The Plague, which propelled Camus into international celebrity, is both an allegory of World War II and a universal meditation on human conduct and community. Organized into five sections, The Plague recounts the collective ordeal of Oran, Algeria, in the throes of an outbreak of bubonic plague. At the outset, even before the sudden proliferation of dead rats and sick humans that persuades reluctant officials to declare an epidemic, Oran is described as a drab, ugly city whose inhabitants are preoccupied with commerce.
Trapped within Oran after a quarantine is imposed are the novel’s principal characters: Bernard Rieux, a physician separated from the ailing wife he sent to a sanatorium before the outbreak of the plague; Raymond Rambert, a Parisian journalist on assignment in Oran; Jean Tarrou, a stranger who takes an active part in opposing the epidemic; Joseph Grand, a municipal clerk obsessed with composing a perfect sentence; Paneloux, a Jesuit priest who delivers two crucial sermons during the course of the plague; and Cottard, a black-market opportunist.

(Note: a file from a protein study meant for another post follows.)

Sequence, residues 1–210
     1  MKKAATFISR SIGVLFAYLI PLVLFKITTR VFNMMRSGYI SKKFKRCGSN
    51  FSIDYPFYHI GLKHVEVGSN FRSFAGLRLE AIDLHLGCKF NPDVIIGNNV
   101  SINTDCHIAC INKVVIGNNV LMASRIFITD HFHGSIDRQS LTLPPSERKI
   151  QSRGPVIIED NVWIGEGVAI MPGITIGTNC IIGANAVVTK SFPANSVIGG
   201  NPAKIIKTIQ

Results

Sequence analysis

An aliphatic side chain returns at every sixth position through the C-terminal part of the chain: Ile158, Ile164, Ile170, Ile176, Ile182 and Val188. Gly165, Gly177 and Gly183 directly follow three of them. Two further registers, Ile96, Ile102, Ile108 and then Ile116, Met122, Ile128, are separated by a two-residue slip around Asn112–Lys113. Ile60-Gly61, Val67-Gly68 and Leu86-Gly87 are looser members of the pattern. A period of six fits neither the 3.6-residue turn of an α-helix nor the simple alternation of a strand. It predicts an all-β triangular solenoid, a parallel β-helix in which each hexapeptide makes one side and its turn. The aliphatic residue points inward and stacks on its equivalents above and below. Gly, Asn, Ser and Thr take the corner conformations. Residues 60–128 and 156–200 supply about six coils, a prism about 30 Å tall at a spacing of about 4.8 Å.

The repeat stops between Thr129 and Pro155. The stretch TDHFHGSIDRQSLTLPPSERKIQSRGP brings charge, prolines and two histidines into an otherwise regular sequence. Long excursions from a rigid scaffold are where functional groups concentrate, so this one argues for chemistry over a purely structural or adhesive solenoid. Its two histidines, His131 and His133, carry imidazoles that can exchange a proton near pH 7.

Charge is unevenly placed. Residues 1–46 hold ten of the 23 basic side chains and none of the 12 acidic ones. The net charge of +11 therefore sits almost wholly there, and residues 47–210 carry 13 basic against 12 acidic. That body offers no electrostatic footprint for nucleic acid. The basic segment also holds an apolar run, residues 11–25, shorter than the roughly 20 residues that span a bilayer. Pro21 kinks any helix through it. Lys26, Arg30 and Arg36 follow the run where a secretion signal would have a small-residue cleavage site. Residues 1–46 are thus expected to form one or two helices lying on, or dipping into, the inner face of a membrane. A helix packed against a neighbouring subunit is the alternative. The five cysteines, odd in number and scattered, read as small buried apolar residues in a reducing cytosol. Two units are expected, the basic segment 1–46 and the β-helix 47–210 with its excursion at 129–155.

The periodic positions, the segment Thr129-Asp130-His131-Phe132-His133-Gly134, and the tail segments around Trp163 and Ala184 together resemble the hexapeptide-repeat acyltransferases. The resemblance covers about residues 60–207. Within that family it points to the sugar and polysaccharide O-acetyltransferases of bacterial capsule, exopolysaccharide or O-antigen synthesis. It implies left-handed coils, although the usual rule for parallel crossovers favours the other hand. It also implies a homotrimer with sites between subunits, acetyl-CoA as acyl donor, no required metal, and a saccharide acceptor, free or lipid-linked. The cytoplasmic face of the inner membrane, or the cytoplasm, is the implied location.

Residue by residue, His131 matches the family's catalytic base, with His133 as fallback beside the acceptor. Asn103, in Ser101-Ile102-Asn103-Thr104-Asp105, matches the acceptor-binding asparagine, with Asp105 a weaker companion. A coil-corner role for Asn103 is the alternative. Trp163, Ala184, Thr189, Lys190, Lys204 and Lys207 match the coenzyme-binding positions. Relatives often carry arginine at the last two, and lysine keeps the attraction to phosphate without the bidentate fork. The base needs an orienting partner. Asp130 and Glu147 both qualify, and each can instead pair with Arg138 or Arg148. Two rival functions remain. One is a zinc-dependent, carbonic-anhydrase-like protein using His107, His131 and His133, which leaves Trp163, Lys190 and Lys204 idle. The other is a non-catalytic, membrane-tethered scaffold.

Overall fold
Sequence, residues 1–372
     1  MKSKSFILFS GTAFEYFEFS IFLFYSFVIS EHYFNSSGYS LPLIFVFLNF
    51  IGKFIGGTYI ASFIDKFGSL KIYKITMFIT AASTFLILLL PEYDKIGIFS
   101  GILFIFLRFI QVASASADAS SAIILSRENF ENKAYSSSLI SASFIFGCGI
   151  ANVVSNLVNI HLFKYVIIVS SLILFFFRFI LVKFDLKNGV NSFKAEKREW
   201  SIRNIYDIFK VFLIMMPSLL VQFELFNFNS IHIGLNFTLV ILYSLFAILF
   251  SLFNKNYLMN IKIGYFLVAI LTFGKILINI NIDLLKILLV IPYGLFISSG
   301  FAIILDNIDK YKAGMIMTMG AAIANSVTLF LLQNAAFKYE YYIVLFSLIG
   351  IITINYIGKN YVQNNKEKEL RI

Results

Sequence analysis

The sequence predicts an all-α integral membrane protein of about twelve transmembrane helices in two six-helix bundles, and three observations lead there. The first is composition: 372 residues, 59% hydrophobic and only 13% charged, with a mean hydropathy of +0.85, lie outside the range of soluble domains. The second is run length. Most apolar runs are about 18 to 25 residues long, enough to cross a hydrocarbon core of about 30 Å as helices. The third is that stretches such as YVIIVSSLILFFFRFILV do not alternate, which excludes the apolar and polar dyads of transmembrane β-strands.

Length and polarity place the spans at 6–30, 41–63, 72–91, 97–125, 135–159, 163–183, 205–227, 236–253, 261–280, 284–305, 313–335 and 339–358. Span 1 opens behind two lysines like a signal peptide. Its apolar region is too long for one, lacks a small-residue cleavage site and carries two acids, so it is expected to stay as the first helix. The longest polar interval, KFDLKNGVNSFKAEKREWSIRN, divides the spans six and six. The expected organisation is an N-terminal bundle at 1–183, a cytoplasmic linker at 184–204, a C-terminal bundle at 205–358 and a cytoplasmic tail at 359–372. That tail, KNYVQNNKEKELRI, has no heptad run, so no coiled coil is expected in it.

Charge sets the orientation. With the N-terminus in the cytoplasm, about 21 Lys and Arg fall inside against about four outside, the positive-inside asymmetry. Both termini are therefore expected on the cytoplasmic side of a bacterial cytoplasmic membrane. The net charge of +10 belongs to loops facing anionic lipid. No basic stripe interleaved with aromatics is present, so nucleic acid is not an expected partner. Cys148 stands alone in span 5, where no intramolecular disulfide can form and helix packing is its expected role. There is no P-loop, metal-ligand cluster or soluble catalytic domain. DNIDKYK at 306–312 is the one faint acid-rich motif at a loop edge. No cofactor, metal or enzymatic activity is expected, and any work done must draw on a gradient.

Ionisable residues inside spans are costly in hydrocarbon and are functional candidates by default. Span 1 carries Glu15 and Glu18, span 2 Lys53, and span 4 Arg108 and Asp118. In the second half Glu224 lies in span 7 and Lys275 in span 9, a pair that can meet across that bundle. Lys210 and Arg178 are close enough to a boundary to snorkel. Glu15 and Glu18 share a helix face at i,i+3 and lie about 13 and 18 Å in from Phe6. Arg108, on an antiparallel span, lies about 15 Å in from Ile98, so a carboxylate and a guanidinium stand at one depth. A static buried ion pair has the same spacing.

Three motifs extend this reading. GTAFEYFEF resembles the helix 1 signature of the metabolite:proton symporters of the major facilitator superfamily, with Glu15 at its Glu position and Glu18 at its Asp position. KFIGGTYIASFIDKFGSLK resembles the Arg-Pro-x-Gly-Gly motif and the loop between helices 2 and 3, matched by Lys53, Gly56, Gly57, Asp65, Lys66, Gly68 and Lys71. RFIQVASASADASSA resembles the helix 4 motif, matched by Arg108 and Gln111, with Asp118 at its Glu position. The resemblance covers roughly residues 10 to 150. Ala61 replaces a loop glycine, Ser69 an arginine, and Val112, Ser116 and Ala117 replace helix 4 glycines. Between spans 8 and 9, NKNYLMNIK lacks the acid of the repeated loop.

Camus begins his novel with an epigraph from Daniel Defoe’s Robinson Crusoe (1719) that invites readers to read the book as a veiled representation of something other than merely an epidemic in Oran. In a 1955 letter to critic Roland Barthes, the author specified the terms of the allegory; “The Plague, which I wanted to be read on a number of levels, nevertheless has as its obvious content the struggle of the European resistance movements against Nazism. The proof of this is that although the specific enemy is nowhere named, everyone in every European country recognized it.”
The book is, moreover, a meditation on human solidarity and individual responsibility. What is the logical and ethical response to a universe in which suffering prevails and effort seems futile? In the first of two...
(The entire section is 785 words.)